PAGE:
What you need to know about making NDAs work for you

By 22 December 2014 Insights, Tips No Comments
Protect confidential information with an NDA

Like most businesses, you will probably need to protect confidential information in one way or another. In this case you will probably need to use an NDA (non-disclosure agreement), a contract placing an obligation of secrecy on one or both parties regarding non-public information shared over the course of their dealings. NDAs are commonly used with independent contractors, business partners, and employees and are a great way to inform a person that the information they are about to receive must be handled with the utmost care. To actually be produced in a court of law, however, NDAs must comply with certain formalities enabling you to find the source of a potential leak and put an end to it. You also want to ensure that your NDA is working for, and not against you.

Should you protect confidential information with a one-way or two-way NDA?

As a first step, careful attention should be put into choosing the type of NDA (one-way or two-way). A one-way NDA means that one party recognizes s/he is receiving confidential information and agrees to keep it confidential. Two-way, both parties recognize that the information they will share needs to be kept secret.

A one-way NDA is a good way protect confidential information and avoid undertaking unnecessary confidentiality obligations, especially if you are simply receiving a quote for services. More often than not, the information a potential contractor will be sharing with you may already be publicly available, making a two-way NDA unnecessary. There is no need to bind both parties and burden you or your company with confidentiality obligations that could end up providing grounds for the other party to move against you.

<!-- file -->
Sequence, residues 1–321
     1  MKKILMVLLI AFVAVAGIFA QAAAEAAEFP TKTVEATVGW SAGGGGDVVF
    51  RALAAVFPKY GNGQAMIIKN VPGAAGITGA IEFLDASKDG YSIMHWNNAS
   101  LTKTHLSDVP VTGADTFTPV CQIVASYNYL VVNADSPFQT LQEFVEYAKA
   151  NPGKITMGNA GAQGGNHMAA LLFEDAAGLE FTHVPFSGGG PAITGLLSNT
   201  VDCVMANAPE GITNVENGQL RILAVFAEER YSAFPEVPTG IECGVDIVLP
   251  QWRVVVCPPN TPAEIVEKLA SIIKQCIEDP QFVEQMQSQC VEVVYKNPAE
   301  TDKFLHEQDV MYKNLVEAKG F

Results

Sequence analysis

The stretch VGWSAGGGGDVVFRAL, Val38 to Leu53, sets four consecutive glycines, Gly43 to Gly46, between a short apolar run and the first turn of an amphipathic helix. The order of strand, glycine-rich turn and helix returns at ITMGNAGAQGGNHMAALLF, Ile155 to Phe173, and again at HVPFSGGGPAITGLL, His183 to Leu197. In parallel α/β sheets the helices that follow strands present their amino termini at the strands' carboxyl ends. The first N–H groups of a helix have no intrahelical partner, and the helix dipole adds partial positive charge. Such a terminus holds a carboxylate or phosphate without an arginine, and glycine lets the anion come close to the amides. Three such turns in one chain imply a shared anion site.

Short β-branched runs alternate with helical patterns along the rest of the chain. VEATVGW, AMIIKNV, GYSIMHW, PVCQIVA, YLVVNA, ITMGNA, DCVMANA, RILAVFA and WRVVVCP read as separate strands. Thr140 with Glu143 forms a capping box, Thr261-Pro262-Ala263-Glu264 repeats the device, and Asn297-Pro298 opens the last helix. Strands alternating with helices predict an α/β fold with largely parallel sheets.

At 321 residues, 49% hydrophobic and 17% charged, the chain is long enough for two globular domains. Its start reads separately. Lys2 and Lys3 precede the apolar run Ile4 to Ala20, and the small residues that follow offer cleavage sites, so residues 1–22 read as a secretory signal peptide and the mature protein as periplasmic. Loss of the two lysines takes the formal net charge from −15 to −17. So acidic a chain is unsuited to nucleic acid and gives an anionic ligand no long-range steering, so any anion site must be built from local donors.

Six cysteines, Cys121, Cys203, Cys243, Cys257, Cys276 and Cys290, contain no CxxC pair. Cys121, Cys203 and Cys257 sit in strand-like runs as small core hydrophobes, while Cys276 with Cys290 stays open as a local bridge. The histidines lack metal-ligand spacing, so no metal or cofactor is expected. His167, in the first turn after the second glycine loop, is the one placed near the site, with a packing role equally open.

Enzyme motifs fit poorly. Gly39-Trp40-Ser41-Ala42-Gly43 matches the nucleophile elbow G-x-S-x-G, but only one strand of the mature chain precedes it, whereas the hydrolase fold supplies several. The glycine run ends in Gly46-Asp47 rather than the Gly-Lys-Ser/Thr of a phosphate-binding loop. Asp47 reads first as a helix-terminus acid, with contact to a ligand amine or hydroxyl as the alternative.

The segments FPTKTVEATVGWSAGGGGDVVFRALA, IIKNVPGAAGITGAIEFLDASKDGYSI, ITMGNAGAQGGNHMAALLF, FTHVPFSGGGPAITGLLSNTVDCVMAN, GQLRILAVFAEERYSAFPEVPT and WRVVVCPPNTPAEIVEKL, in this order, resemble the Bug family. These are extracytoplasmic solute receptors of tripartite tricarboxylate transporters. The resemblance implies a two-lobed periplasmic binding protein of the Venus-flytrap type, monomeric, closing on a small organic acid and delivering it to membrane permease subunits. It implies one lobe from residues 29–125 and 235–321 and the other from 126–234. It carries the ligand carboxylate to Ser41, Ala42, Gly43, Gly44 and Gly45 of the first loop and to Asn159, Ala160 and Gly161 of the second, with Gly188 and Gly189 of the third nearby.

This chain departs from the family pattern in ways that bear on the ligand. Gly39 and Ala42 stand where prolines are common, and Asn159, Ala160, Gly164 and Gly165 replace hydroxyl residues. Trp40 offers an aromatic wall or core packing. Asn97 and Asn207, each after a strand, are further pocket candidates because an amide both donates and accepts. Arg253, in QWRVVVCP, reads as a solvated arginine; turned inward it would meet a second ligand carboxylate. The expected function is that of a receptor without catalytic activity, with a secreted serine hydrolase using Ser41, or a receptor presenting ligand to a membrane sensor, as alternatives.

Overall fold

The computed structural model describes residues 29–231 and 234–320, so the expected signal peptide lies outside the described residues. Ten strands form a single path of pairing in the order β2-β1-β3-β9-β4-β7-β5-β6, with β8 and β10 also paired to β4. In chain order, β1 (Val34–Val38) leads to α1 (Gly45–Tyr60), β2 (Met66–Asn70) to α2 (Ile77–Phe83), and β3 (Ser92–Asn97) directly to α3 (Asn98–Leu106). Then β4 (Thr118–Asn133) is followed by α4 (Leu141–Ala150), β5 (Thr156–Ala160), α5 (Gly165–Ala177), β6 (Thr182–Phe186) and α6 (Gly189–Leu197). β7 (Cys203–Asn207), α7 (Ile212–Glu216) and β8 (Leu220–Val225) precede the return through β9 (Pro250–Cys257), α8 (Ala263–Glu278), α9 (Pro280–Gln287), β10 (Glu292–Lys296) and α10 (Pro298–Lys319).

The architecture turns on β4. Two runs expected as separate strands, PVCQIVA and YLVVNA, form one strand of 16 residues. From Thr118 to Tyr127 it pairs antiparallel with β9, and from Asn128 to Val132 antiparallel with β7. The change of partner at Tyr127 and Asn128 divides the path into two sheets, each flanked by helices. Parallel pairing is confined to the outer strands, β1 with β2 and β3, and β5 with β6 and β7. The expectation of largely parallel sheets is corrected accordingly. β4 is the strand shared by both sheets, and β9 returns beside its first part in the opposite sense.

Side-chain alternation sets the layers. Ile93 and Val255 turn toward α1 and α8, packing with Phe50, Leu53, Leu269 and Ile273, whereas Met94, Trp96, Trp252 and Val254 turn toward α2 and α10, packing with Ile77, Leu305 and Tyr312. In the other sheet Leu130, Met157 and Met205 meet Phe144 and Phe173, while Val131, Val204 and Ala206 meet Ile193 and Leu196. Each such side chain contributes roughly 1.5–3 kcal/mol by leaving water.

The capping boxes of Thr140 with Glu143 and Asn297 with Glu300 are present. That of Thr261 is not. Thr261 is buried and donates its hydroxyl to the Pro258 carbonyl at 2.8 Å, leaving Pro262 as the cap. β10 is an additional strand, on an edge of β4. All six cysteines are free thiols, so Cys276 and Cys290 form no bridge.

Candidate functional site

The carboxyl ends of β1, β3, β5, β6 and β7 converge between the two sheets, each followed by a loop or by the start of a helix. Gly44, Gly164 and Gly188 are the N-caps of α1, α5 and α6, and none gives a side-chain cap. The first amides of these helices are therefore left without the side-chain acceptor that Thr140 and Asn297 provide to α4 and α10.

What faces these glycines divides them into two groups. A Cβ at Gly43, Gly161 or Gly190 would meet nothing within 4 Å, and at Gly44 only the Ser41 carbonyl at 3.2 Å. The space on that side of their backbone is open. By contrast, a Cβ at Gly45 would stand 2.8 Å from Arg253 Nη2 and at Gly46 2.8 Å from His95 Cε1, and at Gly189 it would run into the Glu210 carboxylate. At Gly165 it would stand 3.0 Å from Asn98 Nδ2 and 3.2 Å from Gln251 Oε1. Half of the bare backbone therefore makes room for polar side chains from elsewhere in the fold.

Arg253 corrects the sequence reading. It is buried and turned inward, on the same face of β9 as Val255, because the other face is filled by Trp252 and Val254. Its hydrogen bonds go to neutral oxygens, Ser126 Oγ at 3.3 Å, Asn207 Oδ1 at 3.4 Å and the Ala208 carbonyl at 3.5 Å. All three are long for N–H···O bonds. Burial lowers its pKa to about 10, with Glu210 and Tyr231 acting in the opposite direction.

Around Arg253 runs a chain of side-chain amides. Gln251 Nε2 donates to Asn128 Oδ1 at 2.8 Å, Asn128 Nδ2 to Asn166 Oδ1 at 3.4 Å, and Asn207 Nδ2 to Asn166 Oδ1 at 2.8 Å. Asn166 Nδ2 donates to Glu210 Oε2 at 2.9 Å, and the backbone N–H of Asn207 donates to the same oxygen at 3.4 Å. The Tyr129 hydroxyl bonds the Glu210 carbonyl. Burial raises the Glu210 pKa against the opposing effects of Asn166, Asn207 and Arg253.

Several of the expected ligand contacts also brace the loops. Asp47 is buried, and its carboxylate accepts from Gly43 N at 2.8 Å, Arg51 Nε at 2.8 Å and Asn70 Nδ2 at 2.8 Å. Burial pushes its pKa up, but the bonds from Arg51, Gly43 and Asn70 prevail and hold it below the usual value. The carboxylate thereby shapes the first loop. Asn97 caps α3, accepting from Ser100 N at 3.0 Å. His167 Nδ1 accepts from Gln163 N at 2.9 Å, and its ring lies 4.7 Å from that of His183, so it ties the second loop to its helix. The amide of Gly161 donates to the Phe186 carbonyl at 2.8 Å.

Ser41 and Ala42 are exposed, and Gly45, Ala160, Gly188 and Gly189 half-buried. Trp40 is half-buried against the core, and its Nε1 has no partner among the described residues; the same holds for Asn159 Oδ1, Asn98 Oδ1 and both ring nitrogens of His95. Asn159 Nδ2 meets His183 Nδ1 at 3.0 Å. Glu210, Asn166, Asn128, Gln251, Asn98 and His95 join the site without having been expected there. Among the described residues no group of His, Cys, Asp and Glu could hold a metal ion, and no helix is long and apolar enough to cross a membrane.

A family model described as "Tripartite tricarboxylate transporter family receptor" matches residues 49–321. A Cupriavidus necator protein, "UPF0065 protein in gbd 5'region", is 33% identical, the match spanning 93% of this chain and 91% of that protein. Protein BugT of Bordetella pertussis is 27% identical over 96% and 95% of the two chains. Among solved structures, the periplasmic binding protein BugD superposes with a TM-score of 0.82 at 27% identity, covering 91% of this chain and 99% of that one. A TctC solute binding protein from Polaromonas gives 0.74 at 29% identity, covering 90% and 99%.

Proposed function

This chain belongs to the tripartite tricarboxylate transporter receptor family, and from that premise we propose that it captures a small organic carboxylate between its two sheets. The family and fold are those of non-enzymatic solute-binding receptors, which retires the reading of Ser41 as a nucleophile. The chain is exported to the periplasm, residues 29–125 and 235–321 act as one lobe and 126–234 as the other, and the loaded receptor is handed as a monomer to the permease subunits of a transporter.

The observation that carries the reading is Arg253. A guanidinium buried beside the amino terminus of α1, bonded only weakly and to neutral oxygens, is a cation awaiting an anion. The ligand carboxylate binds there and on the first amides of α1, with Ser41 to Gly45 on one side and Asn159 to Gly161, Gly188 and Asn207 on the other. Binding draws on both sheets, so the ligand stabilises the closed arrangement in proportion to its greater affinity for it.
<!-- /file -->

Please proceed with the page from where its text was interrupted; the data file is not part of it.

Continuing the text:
There may, however, be specific reasons why a potential business partner is asking for a two-way NDA.  For instance, if you wanted to assess the overall quality of a potential contractor’s work prior to hiring his/her services, you would ask for a prototype or a sample. But potential contractors may be worried that such disclosure can allow you to have access to the underlying technology. In those cases, two-way NDAs may be justified and provision reserving all rights in samples and prototypes until actual hiring, and in all cases in the underlying technology, will reassure potential bidders that your company is not trying to get a free ride.

In other cases, the very fact that your company is having discussions with another a company (a potential acquirer or investor) constitutes a sensitive information in itself. Rendering it public too soon may harm the project. In those instance, both parties have an interest in keeping their dialog secret and a two-way NDA would then also be warranted. It may even provide for a particular date or condition upon which a mutual announcement regarding the relationship will be made.

But whether you plan on signing a two-way NDA with a potential contractor or business partner, the following steps will always be helpful:

First, identify the information your potential business partner will be providing to you. Second, inform the other party if you believe those are already publicly available. Third, ensure the information you do recognize as confidential or proprietary to the other party does not include work product that you may provide or that you may receive in the future.

Last but not least, unless you are compensated for the time during which you are not allowed to expand your business, never sign an NDA which says that you can’t disclose your own information to third parties. In effect, such obligation would amount to restraining your options to expand your business. To spot those and have them removed from templates provided by potential partners, look out for the following terms or expressions: “exclusive,” “competitors,” “passive or active solicitation,” “non-solicit,” “silent period.” If you can’t have the non-solicit removed, then try to narrow its scope by asking for a precise list of companies you won’t be permitted to talk to during the silent or non-solicit period.

In another post we will look at the steps you need to take to ensure your NDA can be enforced.

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